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Retrospective analysis of outcomes after IVF using an aneuploidy risk model derived from time-lapse imaging without PGS

Campbell, Alison, Fishel, Simon, Bowman, Natalie, Duffy, Samantha, Sedler, Mark, Thornton, Simon (2013) Retrospective analysis of outcomes after IVF using an aneuploidy risk model derived from time-lapse imaging without PGS. Reproductive BioMedicine Online, 27 (2). pp. 140-146. ISSN 1472-6483. (doi:10.1016/j.rbmo.2013.04.013) (The full text of this publication is not currently available from this repository. You may be able to access a copy if URLs are provided) (KAR id:84028)

The full text of this publication is not currently available from this repository. You may be able to access a copy if URLs are provided. (Contact us about this Publication)
Official URL
https://doi.org/10.1016/j.rbmo.2013.04.013

Abstract

Time-lapse imaging of human preimplantation IVF embryos has enabled objective algorithms based on novel observations of development (morphokinetics) to be used for clinical selection of embryos. Embryo aneuploidy, a major cause of IVF failure, has been correlated with specific morphokinetic variables used previously to develop an aneuploidy risk classification model. The purpose of this study was to evaluate the effectiveness and potential impact of this model for unselected IVF patients without biopsy and preimplantation genetic screening (PGS). Embryo outcomes – no implantation, fetal heart beat (FHB) and live birth (LB) – of 88 transferred blastocysts were compared according to calculated aneuploidy risk classes (low, medium, high). A significant difference was seen for FHB (P < 0.0001) and LB (P < 0.01) rates between embryos classified as low and medium risk. Within the low-risk class, relative increases of 74% and 56%, compared with rates for all blastocysts, were observed for FHB and LB respectively. The area under the receiver operating characteristic curve was 0.75 for FHB and 0.74 for LB. This study demonstrates the clinical relevance of the aneuploidy risk classification model and introduces a novel, non-invasive method of embryo selection to yield higher implantation and live birth rates without PGS. The largest single cause of failure of the human embryo to implant, and of early miscarriage, is aneuploidy (errors in numbers of chromosomes of the early (preimplantation) human embryo). More than half of human embryos are believed to be affected by aneuploidy and many must be unwittingly transferred following IVF, resulting in failed implantation, miscarriage or the birth of a baby with a related disorder. It is not possible for embryologists in IVF laboratories to identify aneuploid embryos under the microscope; however, our studies with time-lapse incubation in conjunction with preimplantation genetic screening (PGS) of IVF embryos have allowed us to develop and publish a model that rates each embryo based on its developmental patterns (morphokinetics) as being at low, medium or high risk of aneuploidy. PGS, whilst very effective, requires expensive technology and expertise, is not widely available and requires the embryo to undergo biopsy (removal of cell(s)). In this study, we tested the aneuploidy risk classification model on embryos with a known outcome and, importantly, on those embryos resulting in a live birth. This demonstrated how the model has the potential to greatly enhance IVF outcome without biopsy and PGS. By using such unique, non-invasive and specifically designed embryo selection models, we can now make more informed choices in order to select the most viable embryo to transfer, with the lowest risk of aneuploidy. Selection of an embryo classified as low risk has improved the relative chance of a live birth by 56% over conventional embryo selection.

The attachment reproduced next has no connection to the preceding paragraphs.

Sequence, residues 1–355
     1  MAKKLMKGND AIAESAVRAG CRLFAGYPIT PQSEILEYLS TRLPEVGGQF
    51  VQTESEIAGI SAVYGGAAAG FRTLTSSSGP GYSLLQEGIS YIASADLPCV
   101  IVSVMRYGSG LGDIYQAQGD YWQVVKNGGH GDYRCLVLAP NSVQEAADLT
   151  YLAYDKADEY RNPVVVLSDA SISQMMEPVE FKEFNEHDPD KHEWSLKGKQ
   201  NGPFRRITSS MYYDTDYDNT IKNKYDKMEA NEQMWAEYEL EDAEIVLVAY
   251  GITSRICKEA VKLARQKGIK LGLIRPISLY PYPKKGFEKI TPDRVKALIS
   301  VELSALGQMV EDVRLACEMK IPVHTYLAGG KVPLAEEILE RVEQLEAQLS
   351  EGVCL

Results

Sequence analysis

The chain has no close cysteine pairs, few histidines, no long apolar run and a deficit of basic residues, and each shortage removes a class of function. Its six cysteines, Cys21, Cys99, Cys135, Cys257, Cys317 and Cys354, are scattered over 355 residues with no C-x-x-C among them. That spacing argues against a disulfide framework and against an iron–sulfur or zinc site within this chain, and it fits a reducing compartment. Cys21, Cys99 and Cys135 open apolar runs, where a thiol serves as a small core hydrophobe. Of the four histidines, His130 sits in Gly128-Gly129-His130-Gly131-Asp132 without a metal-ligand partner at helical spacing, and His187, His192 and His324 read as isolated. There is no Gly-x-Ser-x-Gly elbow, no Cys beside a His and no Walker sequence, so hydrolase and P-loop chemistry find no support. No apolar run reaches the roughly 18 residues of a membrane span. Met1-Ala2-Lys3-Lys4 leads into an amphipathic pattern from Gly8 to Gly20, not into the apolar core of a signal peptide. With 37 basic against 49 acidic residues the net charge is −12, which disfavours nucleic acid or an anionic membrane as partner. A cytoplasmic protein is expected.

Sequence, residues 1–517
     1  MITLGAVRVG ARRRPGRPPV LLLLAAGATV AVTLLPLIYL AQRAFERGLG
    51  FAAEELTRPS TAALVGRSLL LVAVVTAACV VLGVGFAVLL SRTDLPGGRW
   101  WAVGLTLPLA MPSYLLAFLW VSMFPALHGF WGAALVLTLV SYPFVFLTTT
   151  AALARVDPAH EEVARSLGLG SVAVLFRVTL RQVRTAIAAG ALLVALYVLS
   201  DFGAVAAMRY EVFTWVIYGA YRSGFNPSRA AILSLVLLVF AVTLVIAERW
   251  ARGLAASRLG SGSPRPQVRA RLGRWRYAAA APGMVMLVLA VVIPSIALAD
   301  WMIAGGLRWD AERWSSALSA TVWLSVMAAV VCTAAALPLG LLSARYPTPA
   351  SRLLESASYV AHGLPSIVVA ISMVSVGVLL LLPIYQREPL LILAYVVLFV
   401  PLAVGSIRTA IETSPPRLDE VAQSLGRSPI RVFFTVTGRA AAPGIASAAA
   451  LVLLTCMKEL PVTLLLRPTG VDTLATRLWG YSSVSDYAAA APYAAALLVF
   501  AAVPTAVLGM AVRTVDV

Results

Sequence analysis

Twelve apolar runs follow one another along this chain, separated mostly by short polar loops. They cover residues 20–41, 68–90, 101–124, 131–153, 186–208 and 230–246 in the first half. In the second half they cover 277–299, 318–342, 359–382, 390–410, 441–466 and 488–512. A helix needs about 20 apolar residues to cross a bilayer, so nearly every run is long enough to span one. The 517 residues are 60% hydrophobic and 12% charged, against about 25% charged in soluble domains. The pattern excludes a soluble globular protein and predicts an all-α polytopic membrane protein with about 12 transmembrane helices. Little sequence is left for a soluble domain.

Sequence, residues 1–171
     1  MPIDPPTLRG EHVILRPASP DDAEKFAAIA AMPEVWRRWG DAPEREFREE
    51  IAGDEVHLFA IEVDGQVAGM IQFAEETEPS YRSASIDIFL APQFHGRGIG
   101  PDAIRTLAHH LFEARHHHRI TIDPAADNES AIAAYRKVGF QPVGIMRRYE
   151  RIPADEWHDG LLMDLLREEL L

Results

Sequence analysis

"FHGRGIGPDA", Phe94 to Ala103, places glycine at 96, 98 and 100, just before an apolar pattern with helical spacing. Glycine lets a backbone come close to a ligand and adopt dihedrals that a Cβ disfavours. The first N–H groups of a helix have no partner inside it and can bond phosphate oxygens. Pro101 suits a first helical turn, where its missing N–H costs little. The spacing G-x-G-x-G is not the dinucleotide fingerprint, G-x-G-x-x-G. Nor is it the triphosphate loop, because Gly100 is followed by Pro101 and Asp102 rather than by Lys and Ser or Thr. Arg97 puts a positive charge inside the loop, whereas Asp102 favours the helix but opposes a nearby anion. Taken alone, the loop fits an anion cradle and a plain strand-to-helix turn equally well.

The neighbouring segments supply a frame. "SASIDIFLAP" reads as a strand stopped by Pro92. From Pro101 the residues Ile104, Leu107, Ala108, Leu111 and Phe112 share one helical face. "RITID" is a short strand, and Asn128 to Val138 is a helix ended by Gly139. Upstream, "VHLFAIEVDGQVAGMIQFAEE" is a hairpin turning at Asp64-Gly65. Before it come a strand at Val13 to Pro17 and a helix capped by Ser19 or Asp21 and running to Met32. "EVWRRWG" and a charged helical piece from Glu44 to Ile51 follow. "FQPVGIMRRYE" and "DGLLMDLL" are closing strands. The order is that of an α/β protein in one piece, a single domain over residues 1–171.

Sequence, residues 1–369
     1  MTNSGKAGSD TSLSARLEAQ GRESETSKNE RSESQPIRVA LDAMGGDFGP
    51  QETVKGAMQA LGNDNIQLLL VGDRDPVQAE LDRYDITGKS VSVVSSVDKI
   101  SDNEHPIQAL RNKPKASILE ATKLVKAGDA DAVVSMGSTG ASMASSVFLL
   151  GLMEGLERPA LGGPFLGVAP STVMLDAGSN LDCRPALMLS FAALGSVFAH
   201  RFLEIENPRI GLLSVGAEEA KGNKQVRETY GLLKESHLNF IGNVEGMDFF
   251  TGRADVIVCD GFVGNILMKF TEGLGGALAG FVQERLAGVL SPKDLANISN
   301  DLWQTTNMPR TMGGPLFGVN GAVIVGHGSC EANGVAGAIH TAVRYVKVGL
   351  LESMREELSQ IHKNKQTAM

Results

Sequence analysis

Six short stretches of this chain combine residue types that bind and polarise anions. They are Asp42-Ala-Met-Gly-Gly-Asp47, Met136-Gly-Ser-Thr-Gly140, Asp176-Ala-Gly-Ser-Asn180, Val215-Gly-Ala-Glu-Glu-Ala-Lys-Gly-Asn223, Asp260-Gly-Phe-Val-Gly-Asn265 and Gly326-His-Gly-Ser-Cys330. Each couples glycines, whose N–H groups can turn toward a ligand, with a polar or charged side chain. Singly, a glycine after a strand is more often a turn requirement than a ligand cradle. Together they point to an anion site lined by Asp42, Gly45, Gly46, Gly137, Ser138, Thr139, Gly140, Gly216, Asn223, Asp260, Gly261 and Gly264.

Item Type: Article
DOI/Identification number: 10.1016/j.rbmo.2013.04.013
Subjects: Q Science
Divisions: Divisions > Division of Natural Sciences > School of Biosciences
Depositing User: Alison Campbell
Date Deposited: 10 Nov 2020 12:06 UTC
Last Modified: 10 Nov 2020 12:07 UTC
Resource URI: https://kar.kent.ac.uk/id/eprint/84028 (The current URI for this page, for reference purposes)
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